The Department of Health and Human Services has issued its regulations defining what health plans may be “grandfathered” under reform, along with estimates of the percentage of plans likely to be affected.
The regulations will surprise those who took a broad interpretation of President Obama’s promise that anyone who likes their current plan can keep it. While the new regs don’t contradict the president’s promise, they do reflect a narrow reading of it. Changes that would result in a plan being no longer grandfathered (and therefore subject to all the provisions of reform) include:
· Reductions in benefits
· “Significant” increases in co-payments
· Any percentage increase in coinsurance
· “Significant” increases in deductibles
· “Significant” reductions in employer contributions
· Reductions in annual payment caps
· Changes in insurance companies (excluding self-funded administration)
However, it appears that any increases in coverage would not trigger exclusion from grandfathering.
The effect of the new regs will vary according to the size of plan. HHS estimates that large group plans (with over 100 employees) will see fewest changes to their grandfathered status, since these are the most stable types of plan, with more than 80 percent still grandfathered in 2011, and more than half still grandfathered in 2013, immediately prior to the establishment of insurance exchanges and most other reform provisions. HHS also estimates that smaller group plans will see a much faster move out of their grandfathered status as they attempt to control costs by tightening benefits; 70 percent are projected to be grandfathered in 2011, but only a third will retain their grandfathered status by 2013. Individuals will be most impacted by the new regs: because of their typical plan “churn,” almost all will switch from a grandfathered plan over the next three years.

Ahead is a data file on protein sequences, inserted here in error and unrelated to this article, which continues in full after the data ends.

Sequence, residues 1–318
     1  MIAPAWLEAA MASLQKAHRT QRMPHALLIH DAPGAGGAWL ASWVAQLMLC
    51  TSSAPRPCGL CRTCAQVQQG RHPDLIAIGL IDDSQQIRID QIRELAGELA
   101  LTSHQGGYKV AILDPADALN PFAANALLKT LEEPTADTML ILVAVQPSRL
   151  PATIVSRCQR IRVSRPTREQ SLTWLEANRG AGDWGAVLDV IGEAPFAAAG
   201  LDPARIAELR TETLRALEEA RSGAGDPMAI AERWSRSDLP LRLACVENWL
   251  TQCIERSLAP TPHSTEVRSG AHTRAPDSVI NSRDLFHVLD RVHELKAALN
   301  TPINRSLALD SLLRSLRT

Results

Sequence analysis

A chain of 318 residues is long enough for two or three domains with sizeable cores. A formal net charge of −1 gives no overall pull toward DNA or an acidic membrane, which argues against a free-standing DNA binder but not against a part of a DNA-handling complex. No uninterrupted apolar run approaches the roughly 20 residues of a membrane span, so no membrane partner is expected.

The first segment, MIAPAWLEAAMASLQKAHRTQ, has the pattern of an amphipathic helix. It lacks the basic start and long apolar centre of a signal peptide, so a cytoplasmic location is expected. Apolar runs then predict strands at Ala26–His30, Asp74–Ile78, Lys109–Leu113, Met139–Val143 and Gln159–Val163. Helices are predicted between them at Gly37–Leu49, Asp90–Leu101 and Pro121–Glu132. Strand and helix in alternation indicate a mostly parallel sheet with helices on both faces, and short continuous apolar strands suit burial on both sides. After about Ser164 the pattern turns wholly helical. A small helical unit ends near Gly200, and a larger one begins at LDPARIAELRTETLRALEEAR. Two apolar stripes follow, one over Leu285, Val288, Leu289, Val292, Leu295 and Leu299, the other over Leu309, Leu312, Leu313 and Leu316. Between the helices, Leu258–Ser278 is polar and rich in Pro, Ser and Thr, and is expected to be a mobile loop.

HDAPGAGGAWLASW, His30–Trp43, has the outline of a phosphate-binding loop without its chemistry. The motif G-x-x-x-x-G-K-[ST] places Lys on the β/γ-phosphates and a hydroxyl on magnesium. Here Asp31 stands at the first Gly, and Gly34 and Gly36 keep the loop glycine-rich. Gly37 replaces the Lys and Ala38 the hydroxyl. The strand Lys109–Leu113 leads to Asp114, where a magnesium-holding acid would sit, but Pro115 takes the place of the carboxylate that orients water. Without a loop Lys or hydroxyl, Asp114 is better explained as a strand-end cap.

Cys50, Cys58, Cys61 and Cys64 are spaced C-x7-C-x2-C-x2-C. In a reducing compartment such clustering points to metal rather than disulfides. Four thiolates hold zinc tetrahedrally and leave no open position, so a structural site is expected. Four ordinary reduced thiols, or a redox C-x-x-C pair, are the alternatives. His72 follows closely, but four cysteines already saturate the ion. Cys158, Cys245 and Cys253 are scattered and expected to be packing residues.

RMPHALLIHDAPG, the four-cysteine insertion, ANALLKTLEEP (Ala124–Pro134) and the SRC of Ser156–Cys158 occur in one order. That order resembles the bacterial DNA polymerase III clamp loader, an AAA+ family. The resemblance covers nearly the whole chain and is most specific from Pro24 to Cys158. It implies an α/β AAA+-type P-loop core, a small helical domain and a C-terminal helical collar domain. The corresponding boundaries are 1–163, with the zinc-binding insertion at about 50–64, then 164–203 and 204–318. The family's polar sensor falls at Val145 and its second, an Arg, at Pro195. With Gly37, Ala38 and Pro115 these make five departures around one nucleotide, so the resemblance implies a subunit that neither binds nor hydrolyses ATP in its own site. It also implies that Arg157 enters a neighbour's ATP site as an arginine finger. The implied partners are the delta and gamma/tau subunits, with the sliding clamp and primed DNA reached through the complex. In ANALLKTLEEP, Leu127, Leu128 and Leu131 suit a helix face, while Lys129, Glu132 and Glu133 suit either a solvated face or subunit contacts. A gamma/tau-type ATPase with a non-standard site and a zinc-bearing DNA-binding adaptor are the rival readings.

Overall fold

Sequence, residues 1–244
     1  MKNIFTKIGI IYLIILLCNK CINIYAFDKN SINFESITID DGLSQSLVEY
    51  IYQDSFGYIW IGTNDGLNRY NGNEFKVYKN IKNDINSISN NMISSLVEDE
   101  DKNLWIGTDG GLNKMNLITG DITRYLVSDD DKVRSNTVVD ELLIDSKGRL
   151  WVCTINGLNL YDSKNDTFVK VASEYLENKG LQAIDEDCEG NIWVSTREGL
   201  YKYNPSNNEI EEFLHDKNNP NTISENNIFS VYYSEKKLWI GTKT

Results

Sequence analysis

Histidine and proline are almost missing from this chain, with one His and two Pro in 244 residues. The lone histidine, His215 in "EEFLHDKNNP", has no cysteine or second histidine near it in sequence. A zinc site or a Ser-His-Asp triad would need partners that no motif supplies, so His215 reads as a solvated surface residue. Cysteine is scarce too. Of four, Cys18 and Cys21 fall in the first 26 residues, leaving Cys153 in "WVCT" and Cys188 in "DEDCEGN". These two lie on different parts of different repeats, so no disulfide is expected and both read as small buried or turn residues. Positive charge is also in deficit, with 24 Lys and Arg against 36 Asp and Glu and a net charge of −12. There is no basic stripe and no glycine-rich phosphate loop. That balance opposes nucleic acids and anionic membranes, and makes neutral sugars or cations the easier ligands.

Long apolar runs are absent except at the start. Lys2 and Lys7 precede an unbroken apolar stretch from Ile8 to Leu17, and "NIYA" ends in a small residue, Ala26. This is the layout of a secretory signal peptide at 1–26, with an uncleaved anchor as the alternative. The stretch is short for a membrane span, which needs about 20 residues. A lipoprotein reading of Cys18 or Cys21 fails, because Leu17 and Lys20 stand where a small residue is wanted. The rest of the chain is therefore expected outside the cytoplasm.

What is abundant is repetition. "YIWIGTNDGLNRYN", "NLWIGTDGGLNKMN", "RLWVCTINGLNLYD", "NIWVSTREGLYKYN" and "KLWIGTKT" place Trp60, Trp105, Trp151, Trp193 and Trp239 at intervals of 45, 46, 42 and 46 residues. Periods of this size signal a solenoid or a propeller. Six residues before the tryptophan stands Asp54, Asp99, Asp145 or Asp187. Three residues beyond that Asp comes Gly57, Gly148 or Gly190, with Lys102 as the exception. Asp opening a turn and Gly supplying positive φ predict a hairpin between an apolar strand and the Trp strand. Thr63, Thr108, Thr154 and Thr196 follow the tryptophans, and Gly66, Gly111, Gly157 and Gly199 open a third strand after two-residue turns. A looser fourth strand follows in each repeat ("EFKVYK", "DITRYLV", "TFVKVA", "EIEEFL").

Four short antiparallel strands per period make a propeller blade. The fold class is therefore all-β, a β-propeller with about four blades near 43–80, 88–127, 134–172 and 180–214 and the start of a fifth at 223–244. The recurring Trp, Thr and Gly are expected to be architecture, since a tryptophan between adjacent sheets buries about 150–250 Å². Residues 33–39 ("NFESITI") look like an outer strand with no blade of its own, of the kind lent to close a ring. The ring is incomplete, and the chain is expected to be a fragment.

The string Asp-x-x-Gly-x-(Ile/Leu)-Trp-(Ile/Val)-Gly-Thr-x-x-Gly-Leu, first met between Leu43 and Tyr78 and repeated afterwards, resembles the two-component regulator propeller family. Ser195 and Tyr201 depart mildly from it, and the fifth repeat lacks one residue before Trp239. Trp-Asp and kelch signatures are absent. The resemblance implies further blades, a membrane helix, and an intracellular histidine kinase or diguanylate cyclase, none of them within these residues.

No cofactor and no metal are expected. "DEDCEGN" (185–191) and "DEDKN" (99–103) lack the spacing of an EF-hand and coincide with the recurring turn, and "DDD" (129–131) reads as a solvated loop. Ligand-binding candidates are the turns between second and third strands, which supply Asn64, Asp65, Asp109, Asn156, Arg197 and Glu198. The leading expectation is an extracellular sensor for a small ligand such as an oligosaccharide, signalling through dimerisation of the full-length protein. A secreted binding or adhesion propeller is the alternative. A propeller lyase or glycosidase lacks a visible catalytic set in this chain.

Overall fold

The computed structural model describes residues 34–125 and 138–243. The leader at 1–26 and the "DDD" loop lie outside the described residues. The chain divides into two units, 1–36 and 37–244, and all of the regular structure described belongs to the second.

HHS cautions that the estimates will depend on medical inflation and other factors; higher medical costs will likely cause more employers to seek to cut benefits and therefore lose their plan grandfathering. It is also possible—but not considered by HHS—that insurers will make extra efforts to minimize benefit changes in order to avoid what they may perceive as the more intrusive aspects of reform.
A very rough guess—since the HHS estimates reflect numbers of plans rather than numbers of insureds—is that three-quarters of those currently covered will be in grandfathered plans in 2011, but only around half will still be grandfathered in 2013.